Sunday, December 14, 2014

National Trophy 5 Bradford

I had been targeting Bradford all year. It just so happened that it was also muddy, wet and technical. The perfect conditions for me. As the day approached I got more and more anxious that something would go wrong.

I took a call from my mum to say that they were coming to watch and I thought, well at least if I don't live up to all the hype about how well I've been doing, they will get to see the excellent quality of women's racing right now and just how much Yorkshire cyclo-cross is playing a huge part in my life.

Then I got the message that Lynn was not riding. Lynn is my pacer against whom I measure how well I am keeping up against those I consider the best in my category. She is also a team mate. So more orange!

The final dig at my confidence arrived in the form of a broken spring in my freewheel. Almost mercifully it would not mend and it happened at 10pm on Saturday so there was sod all I could do about it. I switched to a spare and got on with it.

In the morning I had an odd feeling of still being full of food yet I still stuffed my normal breakfast away with difficulty.

A few hours later at normal eating time I still felt stuffed full so I decided to leave out lunch.  We were later arriving compared to normal but calmer so I signed on and dressed in peace, pouring on my new skin suit which I am starting to love a lot. Warm up went well. I dropped a layer off at the pits because I was moving so fast I was generating plenty of heat. After 2.5 laps I lined up, cheering forwards my senior friends before vets started to make up the front row. I took the last spot.

Now, I recognise that I have one of the fastest starts on the cross circuit but I had practised it and stuck my gear in a little harder than normal because of the road surface. First objective to get off the line and away from the barrier at the side of me. Next objective, not to get in the way of any of the real racers who would be coming through in no time. I stared up the hill, focused on nothing but the road ahead and drowning out my dad's mate chuntering in my ear from the other side of the fencing.

Andrew said, 'now don't completely blow it all on this first hill'. I smiled (perhaps inwardly) and shook my head. That is exactly what I was about to do.

The gun sounded and I shot off the line before anyone else, for the first time all year, leading the national trophy race for a few brief moments before I was passed by Marrie and Tracy Fletcher. I could hear Lynn screaming, 'brilliant' at me and the more muted sound of Darrell saying what he always does, 'go on Andrea, that's it's, like I was supposed to keep this up all the way round.

At the first corner I sat in 3rd place and resolved to stay there as long as possible. I started to feel guilty that no one had come past me yet and indeed I managed to hold on to 3rd place through the pits much to the glee of TSK.

Alison Kinloch passed me next then I finally found a brief resource of energy to go with Liz Clayton and Juliet Horrocks before dropping away with Marrianne Heffron to hold a mini battle which I won going over the rather tall hurdles (Marianne is around 12 inches shorter than me).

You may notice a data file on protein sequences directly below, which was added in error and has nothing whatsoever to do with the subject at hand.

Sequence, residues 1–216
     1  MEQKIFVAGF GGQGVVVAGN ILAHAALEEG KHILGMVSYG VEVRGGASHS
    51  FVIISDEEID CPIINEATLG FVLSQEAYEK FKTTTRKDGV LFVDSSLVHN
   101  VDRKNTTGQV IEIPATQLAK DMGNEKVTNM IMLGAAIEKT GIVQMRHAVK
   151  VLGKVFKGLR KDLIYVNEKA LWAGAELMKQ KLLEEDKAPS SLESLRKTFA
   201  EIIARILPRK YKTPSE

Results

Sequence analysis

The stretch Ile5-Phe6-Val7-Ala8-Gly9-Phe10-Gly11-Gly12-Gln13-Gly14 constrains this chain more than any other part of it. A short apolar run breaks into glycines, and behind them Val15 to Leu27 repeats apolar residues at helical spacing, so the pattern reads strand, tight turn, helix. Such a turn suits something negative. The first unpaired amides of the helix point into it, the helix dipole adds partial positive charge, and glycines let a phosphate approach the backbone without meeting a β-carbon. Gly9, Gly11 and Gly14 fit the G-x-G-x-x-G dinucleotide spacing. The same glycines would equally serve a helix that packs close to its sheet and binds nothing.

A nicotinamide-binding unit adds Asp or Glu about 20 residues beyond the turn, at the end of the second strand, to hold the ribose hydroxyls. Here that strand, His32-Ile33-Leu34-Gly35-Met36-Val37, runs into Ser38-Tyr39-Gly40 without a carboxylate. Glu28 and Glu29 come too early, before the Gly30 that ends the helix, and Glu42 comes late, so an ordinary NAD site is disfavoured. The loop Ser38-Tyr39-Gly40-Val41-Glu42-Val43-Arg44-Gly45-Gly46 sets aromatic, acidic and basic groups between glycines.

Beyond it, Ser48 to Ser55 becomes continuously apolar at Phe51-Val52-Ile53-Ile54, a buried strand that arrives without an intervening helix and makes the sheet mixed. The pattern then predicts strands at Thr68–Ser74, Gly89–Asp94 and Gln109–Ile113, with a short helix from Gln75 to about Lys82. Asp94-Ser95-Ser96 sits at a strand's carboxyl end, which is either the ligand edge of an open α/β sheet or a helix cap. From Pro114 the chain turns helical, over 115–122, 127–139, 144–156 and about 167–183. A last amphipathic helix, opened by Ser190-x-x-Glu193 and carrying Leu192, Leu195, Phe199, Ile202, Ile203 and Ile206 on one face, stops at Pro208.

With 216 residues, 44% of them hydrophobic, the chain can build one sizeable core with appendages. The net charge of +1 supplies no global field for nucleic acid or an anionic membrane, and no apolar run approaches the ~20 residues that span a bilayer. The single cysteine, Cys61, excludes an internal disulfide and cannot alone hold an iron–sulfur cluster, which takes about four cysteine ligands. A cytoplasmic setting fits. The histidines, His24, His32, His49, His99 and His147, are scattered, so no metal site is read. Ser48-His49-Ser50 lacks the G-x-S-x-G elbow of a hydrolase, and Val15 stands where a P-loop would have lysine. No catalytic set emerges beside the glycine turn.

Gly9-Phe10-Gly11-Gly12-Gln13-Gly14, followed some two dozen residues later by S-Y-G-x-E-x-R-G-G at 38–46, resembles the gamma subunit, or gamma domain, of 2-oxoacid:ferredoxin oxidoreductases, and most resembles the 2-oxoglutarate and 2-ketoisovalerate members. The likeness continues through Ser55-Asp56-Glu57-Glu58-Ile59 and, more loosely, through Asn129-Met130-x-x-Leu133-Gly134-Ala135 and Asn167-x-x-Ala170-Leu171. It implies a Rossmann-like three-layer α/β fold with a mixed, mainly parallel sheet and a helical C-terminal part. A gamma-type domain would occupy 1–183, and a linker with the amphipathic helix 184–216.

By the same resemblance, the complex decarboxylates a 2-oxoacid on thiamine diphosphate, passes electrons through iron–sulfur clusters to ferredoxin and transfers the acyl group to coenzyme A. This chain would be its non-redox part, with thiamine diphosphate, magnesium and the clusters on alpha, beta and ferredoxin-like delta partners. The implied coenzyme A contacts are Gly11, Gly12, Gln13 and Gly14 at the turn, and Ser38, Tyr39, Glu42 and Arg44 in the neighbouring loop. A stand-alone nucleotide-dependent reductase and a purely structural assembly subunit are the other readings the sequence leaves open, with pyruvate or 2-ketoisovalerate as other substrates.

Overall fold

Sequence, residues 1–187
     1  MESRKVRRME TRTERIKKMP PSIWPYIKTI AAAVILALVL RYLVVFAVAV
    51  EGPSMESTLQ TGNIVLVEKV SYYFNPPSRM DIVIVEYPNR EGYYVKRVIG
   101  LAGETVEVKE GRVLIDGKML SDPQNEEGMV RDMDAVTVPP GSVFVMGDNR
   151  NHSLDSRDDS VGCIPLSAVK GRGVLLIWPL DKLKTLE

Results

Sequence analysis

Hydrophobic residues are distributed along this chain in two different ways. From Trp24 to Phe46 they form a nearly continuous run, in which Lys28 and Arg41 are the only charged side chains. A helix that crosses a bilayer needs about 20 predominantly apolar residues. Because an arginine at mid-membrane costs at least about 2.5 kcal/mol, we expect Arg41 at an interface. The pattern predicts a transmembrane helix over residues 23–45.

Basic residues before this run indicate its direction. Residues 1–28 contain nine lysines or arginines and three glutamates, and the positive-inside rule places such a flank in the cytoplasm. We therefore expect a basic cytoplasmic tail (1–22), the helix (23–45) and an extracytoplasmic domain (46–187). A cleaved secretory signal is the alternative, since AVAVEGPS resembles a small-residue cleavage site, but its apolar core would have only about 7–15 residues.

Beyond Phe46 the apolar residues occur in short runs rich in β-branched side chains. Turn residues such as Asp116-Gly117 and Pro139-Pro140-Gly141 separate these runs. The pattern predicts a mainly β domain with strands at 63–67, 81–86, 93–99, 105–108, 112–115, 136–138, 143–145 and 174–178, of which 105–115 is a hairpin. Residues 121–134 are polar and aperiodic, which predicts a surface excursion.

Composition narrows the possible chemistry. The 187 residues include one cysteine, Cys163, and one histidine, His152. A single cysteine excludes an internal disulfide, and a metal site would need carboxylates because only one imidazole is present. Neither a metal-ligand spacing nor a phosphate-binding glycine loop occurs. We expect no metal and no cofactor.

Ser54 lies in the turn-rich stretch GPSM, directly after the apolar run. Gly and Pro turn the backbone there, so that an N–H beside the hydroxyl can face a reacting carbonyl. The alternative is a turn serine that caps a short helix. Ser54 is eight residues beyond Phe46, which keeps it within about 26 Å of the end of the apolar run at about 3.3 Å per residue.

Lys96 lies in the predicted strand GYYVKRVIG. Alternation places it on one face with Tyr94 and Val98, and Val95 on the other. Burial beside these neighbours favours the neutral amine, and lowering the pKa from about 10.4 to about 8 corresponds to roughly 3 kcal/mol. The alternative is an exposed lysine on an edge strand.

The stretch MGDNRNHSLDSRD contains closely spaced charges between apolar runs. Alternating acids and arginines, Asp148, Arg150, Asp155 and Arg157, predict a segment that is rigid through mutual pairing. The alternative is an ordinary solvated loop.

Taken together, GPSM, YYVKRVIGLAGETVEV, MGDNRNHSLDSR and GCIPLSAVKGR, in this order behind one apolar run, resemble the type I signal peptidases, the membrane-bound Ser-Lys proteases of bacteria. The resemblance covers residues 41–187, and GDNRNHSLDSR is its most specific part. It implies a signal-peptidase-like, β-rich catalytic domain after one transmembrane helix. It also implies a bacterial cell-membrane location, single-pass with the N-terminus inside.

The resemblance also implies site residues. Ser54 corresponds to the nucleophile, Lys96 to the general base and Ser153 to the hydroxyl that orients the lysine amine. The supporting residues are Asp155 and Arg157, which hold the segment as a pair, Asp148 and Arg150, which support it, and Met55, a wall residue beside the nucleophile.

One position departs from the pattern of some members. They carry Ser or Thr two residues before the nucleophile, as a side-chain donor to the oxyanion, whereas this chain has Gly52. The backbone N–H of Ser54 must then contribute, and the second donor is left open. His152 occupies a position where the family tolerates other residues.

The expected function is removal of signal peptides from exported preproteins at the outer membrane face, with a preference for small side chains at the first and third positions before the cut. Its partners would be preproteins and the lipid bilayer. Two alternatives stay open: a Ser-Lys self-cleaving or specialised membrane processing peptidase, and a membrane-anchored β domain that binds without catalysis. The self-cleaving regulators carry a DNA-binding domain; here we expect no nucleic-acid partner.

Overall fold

Motivated by the small victory over a shorter person who had already admitted to being unable to eat through illness for most of the week, I set about riding the rest of the race at max effort. The pure joy of that one event you have set every thing aside for, you can ride like there is no tomorrow... at least like there's no training tomorrow.

Despite my efforts, I began to tire on the last lap and Juliet and Liz moved further ahead into the distance. The commentator was starting to wrap the race up, a massive battle emerging at the front of the elite women's race with my friend's daughter, Amira Mellor and  Evie Richard. Amira lapped me first and I managed my usual cheer of encouragement... when all is gone from my lungs I can only ever summons the breath to shout, 'go on Mi'. It sounds like I am cheering myself but by now she knows where I am going with it and, along with the rest of Yorkshire I am one of her biggest fans. I race with her mum who is also a triathlete but she is the most vociferous supporter. So I love it when she is watching, not racing because she screams in my ear too.

Back to the racing and I was suddenly consumed by Amira' s brother and her best friend, Sophie Thackeray, screaming support. I was crunching my last few gears up the road climb I had ascended so fluently from the start line. I was wondering why there were no more gears left. I looked up to encourage oxygen into the lungs, only to see Amira' s yellow jersey shift as she stood on the pedals to give it even more. Despite struggling with my breathing I let out an incredulous laugh. How on earth?

From then on it was in the bag for all of us. Sadly not for Amira who was pipped to the line by Evie despite a tough battle.

I walked strong up the muddy steps one more time and was overjoyed to see TSK on the finishing straight ready for a fist bump on my way past. I had a massive grin on my face which spoke volumes for how much I enjoyed that, how good I felt and how thankful I was for all the support on the track and off the track (TSK). I then took the luxury of standing by to cheer home the other girls behind me and those that were approaching to lap me - Tracy, Marrie and Ali, a full 5 minutes ahead of me.

I am writing this, not the evening of the race, for I was exhausted. It's not the day after the race for I have spent 3days at least coming down off the high. It is almost 1Week later where it is starting to fade into the distance and I need to write it down to remember how good it feels to get it right.

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